RSS   Newsletter   Contact   Advertise with us

U.S. refuses to send F-16 training pilots to Turkey

Share on Twitter Share on LinkedIn
Staff Writer | September 1, 2017
The United States has refused to send F-16 warplane trainers to Turkey after Ankara requested them in order to fill the gap in the number of Turkish jet pilots.
F-16
Defense   The Air Forces were hit by dismissals
The Turkish Armed Forces (TSK) has been trying to increase the number of its jet pilots after the Air Forces were hit by dismissals carried out after the failed July 15, 2016 coup attempt, widely believed to have been masterminded by the Fethullahist Terrorist Organization (FETÖ).

During the thwarted coup, 25 coup pilots flew with F-16 jets and 11 of them bombed strategic sites.

After the thwarted coup, it was revealed that a significant number of followers of the U.S.-based Islamic preacher Fehullah Gülen were in the Air Forces Command and 1,752 personnel were dismissed with state of emergency decrees.

According to official numbers, between 300 and 350 of those dismissed were warplane pilots and as a result the ratio of number of seats and the number of pilots decreased to 1/0.8, when it should be 1/1.5.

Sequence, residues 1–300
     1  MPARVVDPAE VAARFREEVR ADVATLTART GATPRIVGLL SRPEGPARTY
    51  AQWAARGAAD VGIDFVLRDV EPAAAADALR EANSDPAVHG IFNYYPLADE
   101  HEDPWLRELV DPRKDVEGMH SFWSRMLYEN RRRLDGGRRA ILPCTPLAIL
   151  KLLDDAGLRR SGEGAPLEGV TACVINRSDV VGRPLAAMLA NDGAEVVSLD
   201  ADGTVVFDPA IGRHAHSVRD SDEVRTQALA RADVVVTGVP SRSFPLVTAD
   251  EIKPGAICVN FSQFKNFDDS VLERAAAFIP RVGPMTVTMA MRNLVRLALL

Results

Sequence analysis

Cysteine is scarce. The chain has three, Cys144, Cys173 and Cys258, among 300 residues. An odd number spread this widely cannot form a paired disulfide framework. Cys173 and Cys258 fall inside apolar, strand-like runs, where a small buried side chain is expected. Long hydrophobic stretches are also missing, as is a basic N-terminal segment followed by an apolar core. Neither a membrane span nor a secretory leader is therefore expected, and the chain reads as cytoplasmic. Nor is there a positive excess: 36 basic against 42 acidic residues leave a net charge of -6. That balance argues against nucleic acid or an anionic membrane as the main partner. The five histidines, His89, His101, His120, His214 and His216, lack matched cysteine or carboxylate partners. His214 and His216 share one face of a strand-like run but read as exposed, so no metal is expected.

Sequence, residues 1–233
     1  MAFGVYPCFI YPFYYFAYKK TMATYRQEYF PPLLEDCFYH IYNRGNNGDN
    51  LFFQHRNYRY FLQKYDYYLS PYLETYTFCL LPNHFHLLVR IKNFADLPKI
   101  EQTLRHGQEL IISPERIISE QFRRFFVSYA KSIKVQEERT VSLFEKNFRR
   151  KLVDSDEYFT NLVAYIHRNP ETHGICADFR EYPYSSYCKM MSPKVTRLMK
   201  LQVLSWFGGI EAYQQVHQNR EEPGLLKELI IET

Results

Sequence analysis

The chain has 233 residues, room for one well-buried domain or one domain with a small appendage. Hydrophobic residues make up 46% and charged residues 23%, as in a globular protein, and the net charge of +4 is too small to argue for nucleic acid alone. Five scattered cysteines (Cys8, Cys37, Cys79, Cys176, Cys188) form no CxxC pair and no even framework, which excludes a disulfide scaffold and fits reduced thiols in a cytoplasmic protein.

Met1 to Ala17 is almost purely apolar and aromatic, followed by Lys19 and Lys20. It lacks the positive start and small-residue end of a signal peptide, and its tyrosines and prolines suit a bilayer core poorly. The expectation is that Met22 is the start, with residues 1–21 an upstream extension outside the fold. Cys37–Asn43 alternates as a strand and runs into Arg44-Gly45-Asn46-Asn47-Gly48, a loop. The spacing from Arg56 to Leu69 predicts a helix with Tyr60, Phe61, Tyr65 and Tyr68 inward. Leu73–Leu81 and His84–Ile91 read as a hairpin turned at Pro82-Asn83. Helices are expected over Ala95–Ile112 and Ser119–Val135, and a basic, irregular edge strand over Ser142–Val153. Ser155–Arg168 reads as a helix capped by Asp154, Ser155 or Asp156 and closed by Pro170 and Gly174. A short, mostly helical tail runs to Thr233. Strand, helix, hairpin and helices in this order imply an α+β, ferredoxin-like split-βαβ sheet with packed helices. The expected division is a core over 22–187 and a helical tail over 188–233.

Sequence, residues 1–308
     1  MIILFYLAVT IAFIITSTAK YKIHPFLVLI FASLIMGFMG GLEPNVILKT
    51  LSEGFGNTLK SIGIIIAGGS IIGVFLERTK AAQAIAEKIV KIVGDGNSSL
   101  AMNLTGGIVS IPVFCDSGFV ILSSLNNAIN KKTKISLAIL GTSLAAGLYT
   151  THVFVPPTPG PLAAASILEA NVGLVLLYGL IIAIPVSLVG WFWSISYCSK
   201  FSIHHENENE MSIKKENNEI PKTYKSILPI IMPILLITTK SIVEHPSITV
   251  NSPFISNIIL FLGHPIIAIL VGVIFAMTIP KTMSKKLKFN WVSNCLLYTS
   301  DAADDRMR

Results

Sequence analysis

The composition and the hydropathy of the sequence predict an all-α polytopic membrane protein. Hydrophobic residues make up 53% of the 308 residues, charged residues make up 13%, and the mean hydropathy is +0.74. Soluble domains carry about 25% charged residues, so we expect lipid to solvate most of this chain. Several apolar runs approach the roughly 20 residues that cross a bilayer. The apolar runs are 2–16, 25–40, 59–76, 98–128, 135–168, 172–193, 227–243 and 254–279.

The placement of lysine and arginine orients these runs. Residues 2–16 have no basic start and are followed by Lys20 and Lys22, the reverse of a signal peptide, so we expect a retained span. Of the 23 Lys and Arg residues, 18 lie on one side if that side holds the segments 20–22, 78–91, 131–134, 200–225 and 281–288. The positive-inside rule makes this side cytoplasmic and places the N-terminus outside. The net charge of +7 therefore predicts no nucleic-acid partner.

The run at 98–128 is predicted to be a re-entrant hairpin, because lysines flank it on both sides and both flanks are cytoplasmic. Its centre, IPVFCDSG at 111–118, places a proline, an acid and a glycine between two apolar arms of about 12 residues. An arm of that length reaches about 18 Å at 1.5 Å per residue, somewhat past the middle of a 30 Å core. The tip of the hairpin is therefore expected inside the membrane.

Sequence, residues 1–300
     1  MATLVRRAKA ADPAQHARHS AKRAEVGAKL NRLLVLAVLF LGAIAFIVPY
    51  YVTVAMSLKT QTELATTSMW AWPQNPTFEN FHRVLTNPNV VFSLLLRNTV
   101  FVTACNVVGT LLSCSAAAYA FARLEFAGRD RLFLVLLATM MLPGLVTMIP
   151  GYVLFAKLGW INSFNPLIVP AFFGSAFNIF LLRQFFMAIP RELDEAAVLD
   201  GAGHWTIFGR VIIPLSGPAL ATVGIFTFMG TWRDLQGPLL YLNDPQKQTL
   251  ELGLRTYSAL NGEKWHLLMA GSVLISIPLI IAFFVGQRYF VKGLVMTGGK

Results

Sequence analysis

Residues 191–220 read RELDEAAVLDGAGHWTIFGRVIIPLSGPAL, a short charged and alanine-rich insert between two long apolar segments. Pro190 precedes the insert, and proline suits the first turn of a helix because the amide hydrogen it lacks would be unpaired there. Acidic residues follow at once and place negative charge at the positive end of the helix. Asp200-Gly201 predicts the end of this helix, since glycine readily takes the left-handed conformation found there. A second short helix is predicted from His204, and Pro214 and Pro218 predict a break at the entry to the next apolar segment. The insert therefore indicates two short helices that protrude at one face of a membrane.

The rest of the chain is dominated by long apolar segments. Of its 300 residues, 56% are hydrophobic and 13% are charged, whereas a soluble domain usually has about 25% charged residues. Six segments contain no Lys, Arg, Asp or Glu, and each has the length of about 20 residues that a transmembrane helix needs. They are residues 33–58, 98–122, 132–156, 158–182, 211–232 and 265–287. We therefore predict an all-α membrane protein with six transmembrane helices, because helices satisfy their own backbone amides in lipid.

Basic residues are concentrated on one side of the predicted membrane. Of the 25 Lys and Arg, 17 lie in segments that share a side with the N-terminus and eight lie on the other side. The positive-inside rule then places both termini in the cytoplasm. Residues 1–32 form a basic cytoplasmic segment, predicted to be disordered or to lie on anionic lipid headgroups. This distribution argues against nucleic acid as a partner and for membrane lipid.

The F-16 jets of American firm Lockheed Martin constitute a majority of Turkey’

warplane fleet with 240 jets.

the U.S. objected to Pakistan sending F-16 jet pilot trainers to Turkey, based on the agreement that U.S.-origin equipment’s purchase, sale, maintenance and training between third countries needed approval from Washington.

Upon the prevention of Pakistani trainers from coming to Turkey, Ankara renewed its request from the U.S. According to information obtained by daily Hürriyet, the Pentagon has once again rejected Ankara’s request, saying “there is no program regarding training pilots abroad.”


 

MORE INSIDE POST